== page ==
(e)        It would be simpler, more powerful and more straight forward to, in one section, impose a duty on public bodies, the Welsh Ministers and public service boards that in the exercise of their functions they are to improve the wellbeing of Wales for the present and future generations in furtherance of sustainable development.  Then have another section that provides that in exercising this duty they are to pursue the following goals.


(f)        The explicit aim in s. 6 seems to only apply to named public bodies and not the Welsh Ministers themselves or other public bodies.  This is limiting.  Indeed many jurisdictions extend the duty to the private sector.  This extension is not in keeping with UK legal tradition but it does highlight how the aim is not particularly ground breaking.  See - Montana


(g)        Provisions in Hungary, Quebec, Australia, Spain, Montana, Minnesota provide examples of stronger wording for public duties, objectives and aims as well as more direct references to limits, outside impacts and future generations. Some of these provisions have already been held to be enforceable.


(i)         The definition provided for the ‘sustainable development principle’ does not accurately reflect the Brundtland definition.  Moreover, by making SD a principle the aims become overly complicated.  Further, ‘seeking’ is insufficiently ambitious. The definition of sustainable development set out in One Wales, One Planet is progressive, specific to Wales and would be transformative. 



(a)        The statements of the wellbeing objectives are potentially very powerful.  They are related to the Wellbeing goals and the common aim.  However, the provisions themselves need to be streamlined and strengthened.  They also need to be merged to avoid repetition and ensure the Welsh Ministers comply with the rules set out in s. 7 and 8.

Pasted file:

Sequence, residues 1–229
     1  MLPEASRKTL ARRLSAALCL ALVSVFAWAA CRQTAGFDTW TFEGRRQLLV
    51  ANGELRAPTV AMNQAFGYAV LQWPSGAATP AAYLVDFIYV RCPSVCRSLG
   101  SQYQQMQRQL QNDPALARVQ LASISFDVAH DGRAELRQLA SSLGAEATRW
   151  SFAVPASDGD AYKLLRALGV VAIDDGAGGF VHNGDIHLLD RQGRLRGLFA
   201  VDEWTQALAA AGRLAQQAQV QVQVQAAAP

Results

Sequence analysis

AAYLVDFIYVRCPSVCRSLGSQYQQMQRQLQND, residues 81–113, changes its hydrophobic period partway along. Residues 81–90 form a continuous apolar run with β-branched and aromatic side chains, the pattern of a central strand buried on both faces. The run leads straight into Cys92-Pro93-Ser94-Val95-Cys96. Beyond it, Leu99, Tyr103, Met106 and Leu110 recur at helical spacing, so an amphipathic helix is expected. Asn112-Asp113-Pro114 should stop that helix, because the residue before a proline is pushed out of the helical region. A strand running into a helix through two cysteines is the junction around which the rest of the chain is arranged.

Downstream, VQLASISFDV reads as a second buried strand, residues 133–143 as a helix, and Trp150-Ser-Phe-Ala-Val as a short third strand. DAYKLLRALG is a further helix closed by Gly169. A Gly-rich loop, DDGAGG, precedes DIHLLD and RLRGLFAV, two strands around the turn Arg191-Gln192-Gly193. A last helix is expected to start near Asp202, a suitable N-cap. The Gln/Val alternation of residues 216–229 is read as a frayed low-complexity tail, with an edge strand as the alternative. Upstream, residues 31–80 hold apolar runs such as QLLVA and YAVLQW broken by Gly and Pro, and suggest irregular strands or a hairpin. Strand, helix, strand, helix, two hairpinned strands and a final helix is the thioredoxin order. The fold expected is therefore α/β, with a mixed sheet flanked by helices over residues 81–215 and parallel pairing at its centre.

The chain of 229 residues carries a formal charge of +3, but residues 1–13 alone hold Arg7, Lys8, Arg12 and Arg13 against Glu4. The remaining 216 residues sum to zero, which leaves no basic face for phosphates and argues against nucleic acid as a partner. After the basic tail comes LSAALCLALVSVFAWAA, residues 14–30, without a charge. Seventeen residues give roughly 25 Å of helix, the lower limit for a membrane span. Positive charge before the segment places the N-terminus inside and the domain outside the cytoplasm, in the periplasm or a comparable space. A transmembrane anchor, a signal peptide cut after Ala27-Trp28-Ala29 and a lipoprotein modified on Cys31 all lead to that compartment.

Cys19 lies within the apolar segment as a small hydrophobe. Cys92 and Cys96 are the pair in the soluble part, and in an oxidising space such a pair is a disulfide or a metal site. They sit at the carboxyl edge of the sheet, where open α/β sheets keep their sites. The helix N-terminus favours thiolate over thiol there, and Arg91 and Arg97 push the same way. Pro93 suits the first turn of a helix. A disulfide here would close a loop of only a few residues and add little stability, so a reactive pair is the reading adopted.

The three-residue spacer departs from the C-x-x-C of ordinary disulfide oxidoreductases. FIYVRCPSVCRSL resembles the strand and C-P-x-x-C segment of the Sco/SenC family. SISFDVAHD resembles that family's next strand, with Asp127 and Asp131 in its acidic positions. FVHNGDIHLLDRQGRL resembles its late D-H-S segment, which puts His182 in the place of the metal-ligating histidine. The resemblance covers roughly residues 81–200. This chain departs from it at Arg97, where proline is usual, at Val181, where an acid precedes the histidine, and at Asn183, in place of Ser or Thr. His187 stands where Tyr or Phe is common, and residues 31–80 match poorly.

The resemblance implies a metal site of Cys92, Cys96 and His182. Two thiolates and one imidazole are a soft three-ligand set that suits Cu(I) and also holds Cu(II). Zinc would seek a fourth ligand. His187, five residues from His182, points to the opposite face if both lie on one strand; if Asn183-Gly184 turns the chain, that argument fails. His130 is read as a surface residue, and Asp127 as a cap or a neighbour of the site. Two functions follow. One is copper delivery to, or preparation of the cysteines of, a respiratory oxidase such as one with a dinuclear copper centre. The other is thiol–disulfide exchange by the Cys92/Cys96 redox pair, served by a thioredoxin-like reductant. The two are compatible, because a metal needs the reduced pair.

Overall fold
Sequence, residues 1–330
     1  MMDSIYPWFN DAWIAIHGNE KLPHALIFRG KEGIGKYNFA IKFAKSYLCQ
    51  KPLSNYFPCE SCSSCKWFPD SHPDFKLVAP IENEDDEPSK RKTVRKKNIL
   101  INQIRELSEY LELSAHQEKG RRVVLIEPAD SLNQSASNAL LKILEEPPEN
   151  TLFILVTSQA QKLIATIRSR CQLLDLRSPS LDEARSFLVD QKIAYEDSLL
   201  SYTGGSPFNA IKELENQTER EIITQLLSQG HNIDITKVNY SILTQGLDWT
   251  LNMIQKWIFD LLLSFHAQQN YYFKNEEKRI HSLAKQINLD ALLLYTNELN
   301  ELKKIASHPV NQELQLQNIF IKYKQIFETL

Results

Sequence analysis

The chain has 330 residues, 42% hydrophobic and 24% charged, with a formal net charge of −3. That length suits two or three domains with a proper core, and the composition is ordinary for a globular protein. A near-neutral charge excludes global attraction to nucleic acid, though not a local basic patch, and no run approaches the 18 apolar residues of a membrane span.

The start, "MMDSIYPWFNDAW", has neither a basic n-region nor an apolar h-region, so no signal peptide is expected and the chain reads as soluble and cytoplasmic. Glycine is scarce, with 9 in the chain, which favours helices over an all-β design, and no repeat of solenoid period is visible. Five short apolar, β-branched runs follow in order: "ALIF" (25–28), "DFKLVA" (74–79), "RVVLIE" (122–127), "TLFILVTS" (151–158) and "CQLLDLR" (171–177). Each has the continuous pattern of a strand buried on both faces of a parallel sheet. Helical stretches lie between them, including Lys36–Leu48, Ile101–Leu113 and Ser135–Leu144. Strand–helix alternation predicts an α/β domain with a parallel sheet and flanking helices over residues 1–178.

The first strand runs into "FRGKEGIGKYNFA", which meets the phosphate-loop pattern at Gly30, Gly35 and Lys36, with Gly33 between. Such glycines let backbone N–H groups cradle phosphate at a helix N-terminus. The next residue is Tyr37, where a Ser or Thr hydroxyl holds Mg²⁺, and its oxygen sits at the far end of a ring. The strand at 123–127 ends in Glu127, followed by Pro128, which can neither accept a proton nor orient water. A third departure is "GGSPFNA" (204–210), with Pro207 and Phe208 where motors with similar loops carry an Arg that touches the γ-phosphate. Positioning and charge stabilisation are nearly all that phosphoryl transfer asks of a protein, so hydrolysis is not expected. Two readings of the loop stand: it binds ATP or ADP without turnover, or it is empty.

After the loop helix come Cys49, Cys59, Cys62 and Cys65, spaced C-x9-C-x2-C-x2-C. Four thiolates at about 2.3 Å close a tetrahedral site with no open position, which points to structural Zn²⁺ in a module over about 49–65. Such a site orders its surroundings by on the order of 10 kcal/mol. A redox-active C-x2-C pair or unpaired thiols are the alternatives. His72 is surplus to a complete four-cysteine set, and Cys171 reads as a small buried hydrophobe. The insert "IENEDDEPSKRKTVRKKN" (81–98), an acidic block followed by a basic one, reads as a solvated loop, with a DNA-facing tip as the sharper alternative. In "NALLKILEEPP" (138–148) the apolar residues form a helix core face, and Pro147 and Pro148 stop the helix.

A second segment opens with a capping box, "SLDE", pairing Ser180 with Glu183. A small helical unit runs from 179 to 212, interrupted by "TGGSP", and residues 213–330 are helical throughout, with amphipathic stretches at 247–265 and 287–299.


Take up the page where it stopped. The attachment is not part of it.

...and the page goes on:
(b)        More specifically:

        i.            Why is integration referred to only in s.8(2)(b) when it should actually apply to the whole Bill?  Integration should be part of the Wellbeing goals. 

      ii.            How do the objectives fit with other objective setting and review activities for public bodies?  Could these be assimilated into one obligation? 

    iii.            Arguably, much of the detail should appear in separate regulations.  This would significantly improve the readability and symbolism of the Bill as a whole.  Indeed, at present I am not sure what extra detail the guidance in s.15 could add. 

    iv.            What are the consequences of failing to produce wellbeing objectives, reports etc or failing to improve.? The basics do need to be included in the Bill

      v.            It is unclear how the well being objectives of the Welsh Ministers and Future Trends reports fit with the obligations in the Government of Wales Act 2006 – this needs to be streamlined



(a)        Since the demise for the Sustainable Development Commission, the Future Generations Commissioner is a major advance compared to elsewhere in the UK.  That said, the FGC could be more powerful and more independent.  At the moment s/he is appointed by the Welsh Ministers (like Manitoba) so is not independent of government.  S/he could be appointed by the Assembly (see Hungary).  S/he ‘s duty is to promote and to monitor.  There is very little opportunity for the FGC to ‘call to account’.  The section 21 report is vague and makes no mention of the word ‘progress’.  What are the consequences for no progress? (See Canada – Public Accounts Committee Scrutiny).  The FGC only engages with public bodies, the Welsh Ministers and the Advisory panel who are named or appointed by the Welsh Ministers and thus, not independent either.  There is no mention of the FGC’s role in relation to the public (present or future) (See Hungary).  Oddly there is no reference to civic society either.  Moreover, many of the FGC’s powers are permissive (may) rather than mandatory.  Once again, the provisions are longwinded. See former arrangements of the SDC in Scotland, Hungarian Ombudsman


(c)        Finally, there is no mention about how the FGC’s work relates to that of the AGW or vice versa.  This is crucial given the value for money reports the AGW has produced in the past and will do in the future.  See SDC for Scotland above and Canada.  Note the two Canadian acts (Auditor General Act 1985 and the Sustainable Development Act refer to one another and allocate power very clearly


Points 4-7 of the Consultation – Others are better placed to respond to these.


Overall, I believe the introduction of this Bill is a positive move that should be welcomed.  As the Bill goes through the legislative process I believe effort should be made to improve the clarity of its message and thus, increase its potential as a driver for change by: 


If I can be of any assistance, please do not hesitate to contact me at the address above.


Yours sincerely

Professor Andrea Ross